• Antioxidants fight oxidative damage and support general eye health. Natural antioxidants that include vitamins C and E and betacarotene have been shown to be of benefit in the prevention of AMD.
  • Hyaluronic acid (HA) is associated with balanced eye moisture. Oxidative stress can cause HA levels to decrease as we age.
  • Omega-3 fatty acids are essential for healthy vision, and may also improve circulation, strengthen the integrity of the blood vessels, and naturally support healthy inflammatory processes.
  • Several types of collagen are found in the eye. As collagen tends to degrade with aging, nutritional support for collagen heath may be helpful.
  • Vitamin D3 supports vision health, as well as cardiovascular, immune, skeletal and cognitive health.

Professional Supplement Center carries these and other fine quality products to support eye and overall health:

Eye Moisture Support...Eye Moisture Support by Douglas Laboratories®: This unique formula provides critical support for eye and retinal health, healthy tear production, and ocular moisture retention. Ingredients include QUELL Fish Oil®, vitamins and antioxidants. Gluten, wheat, soy, yeast and artificial ingredient free, Non-GMO formulation.

 

20/20 Eye Formula20/20 Eye Formula by Nutritional Frontiers: Specifically formulated for individuals with poor night vision, cataracts, AMD, or allergies that affect the eyes, this product provides antioxidants lutein, zeaxanthin, ALA, and astaxanthin, as well as zinc and vitamins A, C, and E for support and protection of eye health and function.

 

Vision ProtectVision Protect™ by LuxVite Naturals: Ophthalmologist formulated with selected vitamins and antioxidants, this product is designed to promote eye health and provide macular support. Laboratory tested for quality and purity.

 

Clinical Nutrients...Clinical Nutrients™ Eye Formula by Integrative Therapeutics®: This product is designed to provide valuable nutrients that support proper eye health and function. Ingredients include vitamins, minerals, antioxidants and anti-inflammatories. Gluten, wheat, yeast, dairy, and artificial ingredient free formulation.

 

MacuGuard Ocular...MacuGuard® Ocular Support by Life Extension: This innovative formula provides comprehensive ocular nutrition to help protect macular health from oxidative stress and light-induced damage. Non-GMO formulation.

 

Macular Support...Macular Support Formula by Pure Encapsulations®: This comprehensive hypoallergenic formulation provides a blend of powerful antioxidants and botanicals designed to support, maintain, and improve macular health. Gluten and soy free, Non-GMO vegetarian formulation.

References:
Presbyopia. https://www.ncbi.nlm.nih.gov/pubmedhealth/PMHT0023046/
Facts About Presbyopia. https://nei.nih.gov/health/errors/presbyopia
Adult Vision: 41 to 60 Years of Age. https://www.aoa.org/patients-and-public/good-vision-throughout-life/adult-vision-19-to-40-years-of-age/adult-vision-41-to-60-years-of-age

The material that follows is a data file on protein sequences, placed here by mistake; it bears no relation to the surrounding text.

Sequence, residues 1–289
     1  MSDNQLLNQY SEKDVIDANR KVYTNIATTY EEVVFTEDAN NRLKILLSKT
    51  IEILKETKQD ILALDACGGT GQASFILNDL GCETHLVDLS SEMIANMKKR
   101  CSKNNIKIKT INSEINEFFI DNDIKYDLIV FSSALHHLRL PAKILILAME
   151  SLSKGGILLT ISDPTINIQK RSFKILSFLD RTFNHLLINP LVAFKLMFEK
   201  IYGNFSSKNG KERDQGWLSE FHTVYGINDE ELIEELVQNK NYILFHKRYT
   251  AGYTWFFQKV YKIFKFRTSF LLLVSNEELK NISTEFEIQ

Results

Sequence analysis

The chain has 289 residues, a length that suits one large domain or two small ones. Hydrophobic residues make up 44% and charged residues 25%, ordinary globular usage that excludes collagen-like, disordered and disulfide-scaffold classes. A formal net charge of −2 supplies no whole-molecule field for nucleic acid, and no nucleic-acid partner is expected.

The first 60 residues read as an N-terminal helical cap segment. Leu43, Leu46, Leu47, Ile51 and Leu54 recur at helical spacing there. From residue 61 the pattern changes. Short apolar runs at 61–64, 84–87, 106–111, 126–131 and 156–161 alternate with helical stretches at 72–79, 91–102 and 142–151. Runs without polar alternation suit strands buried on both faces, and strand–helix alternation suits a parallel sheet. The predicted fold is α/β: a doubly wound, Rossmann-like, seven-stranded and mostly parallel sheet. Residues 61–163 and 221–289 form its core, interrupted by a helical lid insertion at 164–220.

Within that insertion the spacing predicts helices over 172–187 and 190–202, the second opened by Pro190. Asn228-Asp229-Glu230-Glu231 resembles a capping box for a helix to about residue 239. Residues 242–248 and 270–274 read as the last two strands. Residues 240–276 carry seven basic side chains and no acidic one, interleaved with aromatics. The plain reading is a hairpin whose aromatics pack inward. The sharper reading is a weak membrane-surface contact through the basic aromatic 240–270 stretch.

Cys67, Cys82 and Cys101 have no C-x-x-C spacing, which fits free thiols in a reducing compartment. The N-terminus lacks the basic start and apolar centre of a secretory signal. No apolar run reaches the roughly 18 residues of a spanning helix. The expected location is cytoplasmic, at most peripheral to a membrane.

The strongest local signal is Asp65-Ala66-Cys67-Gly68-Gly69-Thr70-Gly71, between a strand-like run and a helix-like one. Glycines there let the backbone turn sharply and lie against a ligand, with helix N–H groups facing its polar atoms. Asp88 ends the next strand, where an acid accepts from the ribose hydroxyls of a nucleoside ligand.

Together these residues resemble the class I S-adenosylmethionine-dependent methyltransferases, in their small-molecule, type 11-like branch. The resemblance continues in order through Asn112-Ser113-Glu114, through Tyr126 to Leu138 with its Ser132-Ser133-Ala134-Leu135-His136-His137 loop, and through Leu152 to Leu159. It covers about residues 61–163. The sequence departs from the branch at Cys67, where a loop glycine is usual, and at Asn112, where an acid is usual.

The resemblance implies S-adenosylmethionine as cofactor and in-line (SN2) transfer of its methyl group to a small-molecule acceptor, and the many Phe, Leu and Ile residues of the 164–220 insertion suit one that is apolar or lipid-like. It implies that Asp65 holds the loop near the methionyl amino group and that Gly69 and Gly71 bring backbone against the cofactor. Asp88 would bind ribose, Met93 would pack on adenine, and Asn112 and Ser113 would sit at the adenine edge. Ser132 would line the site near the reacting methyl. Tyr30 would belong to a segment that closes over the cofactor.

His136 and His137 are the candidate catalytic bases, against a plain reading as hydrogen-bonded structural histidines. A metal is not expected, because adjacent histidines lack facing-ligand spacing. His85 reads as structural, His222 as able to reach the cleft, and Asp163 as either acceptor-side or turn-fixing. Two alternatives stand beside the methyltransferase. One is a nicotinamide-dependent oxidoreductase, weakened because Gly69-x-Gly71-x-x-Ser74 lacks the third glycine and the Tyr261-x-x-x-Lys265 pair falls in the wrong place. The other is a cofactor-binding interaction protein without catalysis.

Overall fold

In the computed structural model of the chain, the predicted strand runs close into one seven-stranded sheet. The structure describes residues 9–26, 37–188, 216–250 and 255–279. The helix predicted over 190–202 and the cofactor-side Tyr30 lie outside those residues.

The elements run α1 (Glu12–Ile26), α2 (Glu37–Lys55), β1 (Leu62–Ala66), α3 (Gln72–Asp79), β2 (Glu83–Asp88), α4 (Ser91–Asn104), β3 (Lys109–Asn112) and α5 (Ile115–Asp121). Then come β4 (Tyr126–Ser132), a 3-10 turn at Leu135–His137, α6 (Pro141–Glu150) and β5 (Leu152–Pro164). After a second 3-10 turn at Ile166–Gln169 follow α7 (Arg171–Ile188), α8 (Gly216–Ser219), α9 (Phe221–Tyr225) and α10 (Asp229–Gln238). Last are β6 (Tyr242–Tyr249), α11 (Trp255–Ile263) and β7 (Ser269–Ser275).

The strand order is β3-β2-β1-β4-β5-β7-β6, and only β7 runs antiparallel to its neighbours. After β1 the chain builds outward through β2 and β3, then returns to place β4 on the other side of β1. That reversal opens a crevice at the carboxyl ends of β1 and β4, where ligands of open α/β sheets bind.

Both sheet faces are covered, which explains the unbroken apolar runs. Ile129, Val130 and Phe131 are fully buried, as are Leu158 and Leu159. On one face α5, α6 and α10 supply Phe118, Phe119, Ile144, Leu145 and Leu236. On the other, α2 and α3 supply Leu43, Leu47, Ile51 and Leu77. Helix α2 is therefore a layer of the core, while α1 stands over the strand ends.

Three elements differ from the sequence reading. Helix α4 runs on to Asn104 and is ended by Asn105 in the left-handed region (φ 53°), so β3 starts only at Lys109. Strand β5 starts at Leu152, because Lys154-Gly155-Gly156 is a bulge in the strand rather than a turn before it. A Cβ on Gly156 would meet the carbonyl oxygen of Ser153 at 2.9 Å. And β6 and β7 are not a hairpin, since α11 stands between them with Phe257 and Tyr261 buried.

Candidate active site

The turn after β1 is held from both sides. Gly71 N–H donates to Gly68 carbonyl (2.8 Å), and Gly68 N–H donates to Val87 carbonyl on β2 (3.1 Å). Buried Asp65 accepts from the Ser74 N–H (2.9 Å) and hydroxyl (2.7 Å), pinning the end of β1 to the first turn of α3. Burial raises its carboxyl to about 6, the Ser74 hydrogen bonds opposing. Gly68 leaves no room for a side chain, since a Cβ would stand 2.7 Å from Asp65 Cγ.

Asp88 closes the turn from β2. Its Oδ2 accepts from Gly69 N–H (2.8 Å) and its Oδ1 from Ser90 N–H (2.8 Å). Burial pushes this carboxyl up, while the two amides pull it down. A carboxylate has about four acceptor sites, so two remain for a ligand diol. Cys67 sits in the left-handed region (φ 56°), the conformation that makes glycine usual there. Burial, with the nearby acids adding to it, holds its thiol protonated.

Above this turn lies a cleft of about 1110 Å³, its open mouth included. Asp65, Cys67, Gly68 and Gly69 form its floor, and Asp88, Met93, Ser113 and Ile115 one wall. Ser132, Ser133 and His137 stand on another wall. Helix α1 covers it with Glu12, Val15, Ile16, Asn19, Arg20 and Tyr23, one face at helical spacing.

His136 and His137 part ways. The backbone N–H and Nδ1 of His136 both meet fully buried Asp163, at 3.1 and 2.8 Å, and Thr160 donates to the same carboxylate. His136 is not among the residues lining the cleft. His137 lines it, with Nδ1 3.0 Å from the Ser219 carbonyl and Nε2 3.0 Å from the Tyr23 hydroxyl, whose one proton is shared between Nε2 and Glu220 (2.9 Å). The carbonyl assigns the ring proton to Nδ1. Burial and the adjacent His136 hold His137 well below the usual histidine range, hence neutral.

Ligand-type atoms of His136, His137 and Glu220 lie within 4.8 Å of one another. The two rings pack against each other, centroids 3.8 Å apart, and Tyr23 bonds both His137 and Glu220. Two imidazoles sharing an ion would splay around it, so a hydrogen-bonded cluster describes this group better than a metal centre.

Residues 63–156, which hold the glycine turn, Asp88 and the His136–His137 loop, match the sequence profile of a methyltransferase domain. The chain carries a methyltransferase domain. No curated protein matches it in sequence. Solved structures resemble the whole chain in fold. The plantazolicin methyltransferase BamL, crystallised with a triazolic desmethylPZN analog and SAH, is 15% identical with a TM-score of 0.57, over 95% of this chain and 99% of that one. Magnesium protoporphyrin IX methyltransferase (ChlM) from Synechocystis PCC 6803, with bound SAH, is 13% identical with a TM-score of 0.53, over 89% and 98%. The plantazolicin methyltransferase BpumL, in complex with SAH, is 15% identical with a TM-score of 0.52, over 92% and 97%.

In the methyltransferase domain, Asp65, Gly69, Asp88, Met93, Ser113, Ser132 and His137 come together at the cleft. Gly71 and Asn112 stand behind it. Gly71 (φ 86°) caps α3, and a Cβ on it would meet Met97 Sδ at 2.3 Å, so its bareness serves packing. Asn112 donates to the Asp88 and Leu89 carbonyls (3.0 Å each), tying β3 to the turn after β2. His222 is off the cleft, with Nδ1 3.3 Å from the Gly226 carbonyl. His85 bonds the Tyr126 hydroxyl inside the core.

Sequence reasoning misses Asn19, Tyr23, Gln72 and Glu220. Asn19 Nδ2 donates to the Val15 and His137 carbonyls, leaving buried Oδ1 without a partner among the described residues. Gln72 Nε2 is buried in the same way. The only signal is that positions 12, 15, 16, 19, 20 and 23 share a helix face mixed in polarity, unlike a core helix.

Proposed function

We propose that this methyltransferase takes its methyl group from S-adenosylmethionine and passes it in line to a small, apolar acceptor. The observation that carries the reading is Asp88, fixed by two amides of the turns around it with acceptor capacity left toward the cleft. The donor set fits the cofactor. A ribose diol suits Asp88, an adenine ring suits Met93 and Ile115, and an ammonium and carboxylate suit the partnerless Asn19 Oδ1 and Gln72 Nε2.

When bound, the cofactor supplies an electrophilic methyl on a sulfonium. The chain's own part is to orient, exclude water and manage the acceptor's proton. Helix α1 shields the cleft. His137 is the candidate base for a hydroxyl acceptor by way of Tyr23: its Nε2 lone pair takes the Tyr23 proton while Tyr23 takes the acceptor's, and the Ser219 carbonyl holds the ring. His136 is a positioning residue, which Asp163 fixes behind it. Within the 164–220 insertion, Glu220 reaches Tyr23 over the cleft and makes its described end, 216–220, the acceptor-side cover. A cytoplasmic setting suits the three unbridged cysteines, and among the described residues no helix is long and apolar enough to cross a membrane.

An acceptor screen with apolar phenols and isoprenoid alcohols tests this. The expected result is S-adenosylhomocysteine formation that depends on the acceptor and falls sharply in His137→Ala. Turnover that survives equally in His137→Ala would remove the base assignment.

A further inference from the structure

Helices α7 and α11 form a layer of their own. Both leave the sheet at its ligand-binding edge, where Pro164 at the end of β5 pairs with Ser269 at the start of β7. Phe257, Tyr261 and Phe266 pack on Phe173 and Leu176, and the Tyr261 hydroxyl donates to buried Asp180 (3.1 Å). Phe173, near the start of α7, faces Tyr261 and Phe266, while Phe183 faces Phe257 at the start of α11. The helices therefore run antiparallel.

Aging changes in the eye. https://www.ncbi.nlm.nih.gov/pmc/articles/PMC2585730/
About Age-Related Macular Degeneration. https://www.ncbi.nlm.nih.gov/pubmedhealth/PMHT0024815/
Visual Acuity. https://www.sciencedaily.com/terms/visual_acuity.htm

 

Eye Health Support

EyeHealthJacquie Eubanks RN BSNDesigned as an adjunct to a healthy diet, researched backed nutritional supplements have been shown to be beneficial for the maintenance of vision and eye health. Ongoing research continues to explore health protective nutrition in prevention of age-related eye changes that can cause visual disturbances and the loss of visual acuity. Beginning around age 40, adults may start to notice vision changes, such as an inability to focus on near objects, the need for brighter lights in reading or work areas, and changes in color perception, as well as reduced tear production, resulting in dry, irritated eyes. As we continue to age, the risk for developing eye and vision problems increases. Early warning signs of eye health problems can include:

Vision fluctuation – Vision that fluctuates throughout the day can be attributed to several causes, including general fatigue, eye muscle spasms resulting from intense focusing for an extended period, or progressing presbyopia, a common age-related inability to focus on near items, such as a newspaper or menu, especially in dim light.

Eye floaters and flashes of bright light – Specks or thread-like images that appear in the field of vision are generally harmless and may become less noticeable with time. Floaters indicate that the vitreous humor, a gel-like substance that makes up a large majority of the eye behind the lens, is slowly shrinking with age, creating strands that cast their shadows on the retina. Flashing occurs when the vitreous gel tugs or bumps the retina. Although floaters and flashers can be annoying, they are generally considered harmless. However, a new onset of floaters or increased flashes can signal more serious vision problems, such as retinal detachment or a retinal tear, requiring a visit to your ophthalmologist as soon as possible.

Loss of peripheral vision – Peripheral or side vision is the ability to see movement and objects located outside your central or direct line of vision. Also known as tunnel vision, loss of wide angle vison is commonly the result of optic nerve damage, resulting from glaucoma, a detached retina, brain or neurological damage or a head injury.